This Thing called ‘Mindfulness’ II

Practical Steps in achieving mindfulness at work

1). Be consciously present:


Mindfulness is above all, living but as per this subject matter, I’d say, working at the moment. Being aware and awake in the wake of your current task. When you’re consciously present at work you are aware of the moment-moment state of what’s going on around you and what’s going on within you.  If you’re report writing, mindfulness requires you to focus on your task and avoid wandering thoughts on ‘Jade’s new promotion or how Tola got into an argument with Morgan’. Just acknowledge the thoughts and bring yourself back to your task at hand. 

Reality: At the start of work daily, pause, reflect and note to self of your decision to be visibly and thoughtfully present at work as much as you can. Pause a bit to set this intention in mind.  

2)  Practise Mindfulness exercise to connect with your senses: 


You could find a small space to feel your pulse, close your eyes, practice breathing exercises. In the event a quiet small space cannot be located, you don’t need to close your eyes. You don’t even need to be sitting down. Simply connect with your body, perhaps take a walk in a very safe space slowly, feel your toes.  Simply connect with your body, check in with your senses and release any tension. Be aware as your heel and toes touch the earth. I recall one time where I faced intense pressure and stress at work, my favorite tension release spot was the bathroom, I’ll swing in to catch my breath, as funny as it sounds, I always felt unbelievably refreshed.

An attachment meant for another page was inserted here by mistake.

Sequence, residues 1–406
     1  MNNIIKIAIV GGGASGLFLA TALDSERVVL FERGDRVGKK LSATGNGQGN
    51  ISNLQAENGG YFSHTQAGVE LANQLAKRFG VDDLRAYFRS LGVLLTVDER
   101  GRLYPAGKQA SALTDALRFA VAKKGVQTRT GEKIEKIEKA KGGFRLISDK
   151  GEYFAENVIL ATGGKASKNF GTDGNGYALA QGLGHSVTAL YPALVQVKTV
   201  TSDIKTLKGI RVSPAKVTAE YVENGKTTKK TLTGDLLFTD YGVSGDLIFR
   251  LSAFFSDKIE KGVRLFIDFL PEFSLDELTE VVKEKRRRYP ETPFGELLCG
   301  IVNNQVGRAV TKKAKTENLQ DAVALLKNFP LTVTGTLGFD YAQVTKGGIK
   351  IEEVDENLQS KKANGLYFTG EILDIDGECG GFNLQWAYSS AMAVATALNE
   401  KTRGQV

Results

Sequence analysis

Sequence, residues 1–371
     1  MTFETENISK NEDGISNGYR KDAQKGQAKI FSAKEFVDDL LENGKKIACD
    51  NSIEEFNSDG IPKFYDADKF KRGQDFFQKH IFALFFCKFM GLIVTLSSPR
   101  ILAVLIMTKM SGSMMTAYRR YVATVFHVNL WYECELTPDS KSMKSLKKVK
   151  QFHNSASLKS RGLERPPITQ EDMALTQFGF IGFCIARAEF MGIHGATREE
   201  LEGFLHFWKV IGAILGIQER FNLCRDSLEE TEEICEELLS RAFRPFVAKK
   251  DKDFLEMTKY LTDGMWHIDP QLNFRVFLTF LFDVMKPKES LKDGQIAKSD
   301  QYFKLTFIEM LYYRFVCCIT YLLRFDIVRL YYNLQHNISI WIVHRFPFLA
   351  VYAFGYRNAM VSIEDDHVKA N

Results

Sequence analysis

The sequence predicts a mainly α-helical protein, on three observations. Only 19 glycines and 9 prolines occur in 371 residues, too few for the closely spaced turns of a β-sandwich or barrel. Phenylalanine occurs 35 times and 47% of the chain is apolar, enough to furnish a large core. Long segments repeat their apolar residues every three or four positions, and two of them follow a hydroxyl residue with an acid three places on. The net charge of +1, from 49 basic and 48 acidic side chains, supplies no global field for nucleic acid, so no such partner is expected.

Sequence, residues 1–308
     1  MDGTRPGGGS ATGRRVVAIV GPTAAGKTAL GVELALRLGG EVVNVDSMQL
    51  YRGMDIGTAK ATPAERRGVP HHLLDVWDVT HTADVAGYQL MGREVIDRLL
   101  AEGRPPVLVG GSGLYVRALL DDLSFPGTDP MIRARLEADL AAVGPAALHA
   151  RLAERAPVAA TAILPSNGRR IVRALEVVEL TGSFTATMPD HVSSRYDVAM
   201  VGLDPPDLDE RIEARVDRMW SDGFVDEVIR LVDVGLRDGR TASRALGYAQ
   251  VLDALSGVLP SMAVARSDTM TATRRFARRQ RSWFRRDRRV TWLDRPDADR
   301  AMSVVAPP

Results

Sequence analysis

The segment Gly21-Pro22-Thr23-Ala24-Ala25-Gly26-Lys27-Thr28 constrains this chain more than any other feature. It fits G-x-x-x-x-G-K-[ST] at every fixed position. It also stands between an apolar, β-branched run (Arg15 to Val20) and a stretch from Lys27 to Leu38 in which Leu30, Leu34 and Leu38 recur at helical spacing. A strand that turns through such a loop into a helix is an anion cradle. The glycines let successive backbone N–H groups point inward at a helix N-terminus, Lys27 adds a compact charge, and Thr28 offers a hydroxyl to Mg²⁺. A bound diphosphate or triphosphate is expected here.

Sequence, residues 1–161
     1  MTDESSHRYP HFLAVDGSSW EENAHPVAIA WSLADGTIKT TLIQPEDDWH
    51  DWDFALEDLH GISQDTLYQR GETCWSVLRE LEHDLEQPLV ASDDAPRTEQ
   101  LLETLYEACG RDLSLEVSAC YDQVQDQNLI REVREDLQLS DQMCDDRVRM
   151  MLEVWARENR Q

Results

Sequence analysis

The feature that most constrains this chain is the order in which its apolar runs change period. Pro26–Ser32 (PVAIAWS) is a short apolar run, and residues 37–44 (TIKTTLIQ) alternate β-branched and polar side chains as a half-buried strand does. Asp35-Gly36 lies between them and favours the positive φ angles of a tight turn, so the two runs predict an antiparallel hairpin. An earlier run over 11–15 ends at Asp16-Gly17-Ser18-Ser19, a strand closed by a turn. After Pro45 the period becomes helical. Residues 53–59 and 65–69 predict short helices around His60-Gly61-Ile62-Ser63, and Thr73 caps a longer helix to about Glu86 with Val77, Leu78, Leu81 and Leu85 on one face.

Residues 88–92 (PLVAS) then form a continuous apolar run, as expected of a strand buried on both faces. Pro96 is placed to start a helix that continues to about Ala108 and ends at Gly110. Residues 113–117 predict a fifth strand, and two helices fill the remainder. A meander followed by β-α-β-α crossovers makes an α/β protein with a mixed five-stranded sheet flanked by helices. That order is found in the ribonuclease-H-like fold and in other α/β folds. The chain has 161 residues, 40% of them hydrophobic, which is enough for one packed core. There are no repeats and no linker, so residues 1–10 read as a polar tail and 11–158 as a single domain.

Reality: Take a deep breath and allow that contact with the breath to ground you in a fuller sense of reality. Observe what’s going on, what may be your thoughts, your emotions, and become more fully present, right to the richness of the moment. 

3)  Single task:


In a fast past world, where we’re in a bid to meet deadlines, achieve work expectations and exceed them, we are sometimes tempted to impress our supervisors by taking on too many loads with the hope of delivering within a short time. This has been found to be a major stressor at work. Now while you think sets you on a part for promotion, etc, you can still achieve that by keeping a daily schedule of work and set setting achievable deadlines for yourself without having to put much pressure. Possibly ‘inquire’ stage by engaging with your supervisors to workout suitable deliverables.

Reality: Daily draw up a realistic to-do list, which is realistic and prioritize. 

4)  Make haste slowly:


Mindfulness seems sometimes counter-intuitive. You ask how can slowing down makes you more efficient and productive, but in real-time yes it does. This gives you the opportunity to absorb the moment, plan your self and next steps. Imagine being asked to keep working and stop sleeping, Maybe you’ve experienced this when trying to meet a deadline at work or even studying for exams. Eventually, your efficiency/energy level drops to almost zero; you’re completely living out of the present moment and perhaps even hallucinating! Slowing down affords a self-reflection opportunity on the task to be executed and provides a structured thought process that is clear and precise. 

5)  Adopt a growth mindset: